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Pablo Martinez Monsivais / AP

Former Montana Sen. Max Baucus — a central architect of the Affordable Care Act who steered that bill toward the center and rejected multiple proposals for government-run insurance plans — now supports single-payer.

"My personal view is we've got to start looking at single-payer," Baucus, the Senate Finance chair during the ACA debate, said last night, according to the Bozeman Daily Chronicle. ""I think we should have hearings ... We're getting there. It's going to happen."

Why it matters: Baucus isn't in a position to make policy anymore, but he can still take the temperature of his party. Just eight years ago, he refused to even hold a hearing on single-payer. To say now that he not only supports it, but that he thinks it's inevitable, is a sign of just how dramatically Democrats are pulling to the left on health care.

Go deeper

What happens now that emergency orders are lifting

Expand chart
Data: National Academy for State Health Policy and various governor declarations; Chart: Sara Wise/Axios

Soon, more than half the states will have ended their formal emergency declarations for the pandemic — which could have ripple effects across the economy.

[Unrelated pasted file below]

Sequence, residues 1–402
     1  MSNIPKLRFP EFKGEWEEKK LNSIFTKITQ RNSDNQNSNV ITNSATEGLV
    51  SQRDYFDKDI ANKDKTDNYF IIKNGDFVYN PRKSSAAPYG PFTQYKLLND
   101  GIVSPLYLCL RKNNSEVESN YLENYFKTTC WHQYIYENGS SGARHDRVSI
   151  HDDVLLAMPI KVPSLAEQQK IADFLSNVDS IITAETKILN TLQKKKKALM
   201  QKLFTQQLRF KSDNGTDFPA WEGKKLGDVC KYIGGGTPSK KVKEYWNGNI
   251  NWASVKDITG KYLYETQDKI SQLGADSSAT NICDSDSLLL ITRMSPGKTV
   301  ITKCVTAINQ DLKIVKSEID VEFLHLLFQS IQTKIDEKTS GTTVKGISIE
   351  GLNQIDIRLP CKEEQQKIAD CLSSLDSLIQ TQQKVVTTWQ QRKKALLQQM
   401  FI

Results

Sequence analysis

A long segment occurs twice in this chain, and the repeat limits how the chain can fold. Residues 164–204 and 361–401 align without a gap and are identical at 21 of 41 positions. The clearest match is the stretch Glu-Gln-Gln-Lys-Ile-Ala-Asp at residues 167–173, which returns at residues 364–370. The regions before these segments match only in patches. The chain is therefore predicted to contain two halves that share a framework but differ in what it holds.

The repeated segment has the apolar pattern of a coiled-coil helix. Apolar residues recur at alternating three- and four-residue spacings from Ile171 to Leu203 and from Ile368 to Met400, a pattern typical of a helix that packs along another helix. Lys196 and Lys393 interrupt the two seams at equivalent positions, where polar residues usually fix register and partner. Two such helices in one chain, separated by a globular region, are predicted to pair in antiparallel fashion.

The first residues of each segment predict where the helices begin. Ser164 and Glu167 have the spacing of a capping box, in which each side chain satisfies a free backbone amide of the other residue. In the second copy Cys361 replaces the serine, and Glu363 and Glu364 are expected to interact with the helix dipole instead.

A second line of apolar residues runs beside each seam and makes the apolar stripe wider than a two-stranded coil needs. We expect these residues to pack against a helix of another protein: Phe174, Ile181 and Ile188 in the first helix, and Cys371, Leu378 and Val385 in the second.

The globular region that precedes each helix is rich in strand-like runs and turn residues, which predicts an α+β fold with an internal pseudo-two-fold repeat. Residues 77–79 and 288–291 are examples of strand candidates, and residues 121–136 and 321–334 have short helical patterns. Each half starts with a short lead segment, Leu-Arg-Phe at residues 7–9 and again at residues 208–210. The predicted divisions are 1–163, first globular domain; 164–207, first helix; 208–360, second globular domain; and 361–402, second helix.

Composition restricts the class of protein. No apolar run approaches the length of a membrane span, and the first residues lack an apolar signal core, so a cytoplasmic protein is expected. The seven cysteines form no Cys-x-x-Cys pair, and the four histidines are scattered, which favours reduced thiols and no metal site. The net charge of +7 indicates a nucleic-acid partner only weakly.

Why it matters: Lifting those orders will allow businesses to serve more customers, but will also end certain safety nets, including expanded food and housing assistance, as well as eviction protections.

Updated 3 hours ago - World

500 Hong Kong police officers raid pro-democracy newspaper

Chief Operations Officer Chow Tat Kuen (front 2nd R) is escorted by police from the Apple Daily newspaper offices before being put into a waiting vehicle in Hong Kong on Thursday. Photo: Anthony Wallace/AFP via Getty Images

Hong Kong's Apple Daily said 500 police officers searched the pro-democracy newspaper's offices and arrested five senior executives on Thursday.

Why it matters: The arrests of the paper's chief editor, Ryan Law, along with its chief operating officer, two other editors and the CEO of Next Digital, which operates Apple Daily, were made under China's national security law — which gives the government broad power to limit people's political freedom.

World Bank rejects El Salvador's request to help implement bitcoin

President Nayib Bukele, giving a speech in El Salvador's legislative assembly in San Salvado earlier this month, pushed for bitcoin to become legal tender. Photo: Emerson Flores/APHOTOGRAFIA/Getty Images

The World Bank has rejected the government of El Salvador's request to help the country implement Bitcoin as legal tender, Reuters first reported late Wednesday.

Why it matters: The international lender's rejection could hamper the government's goal of making the digital currency accepted across the country within three months.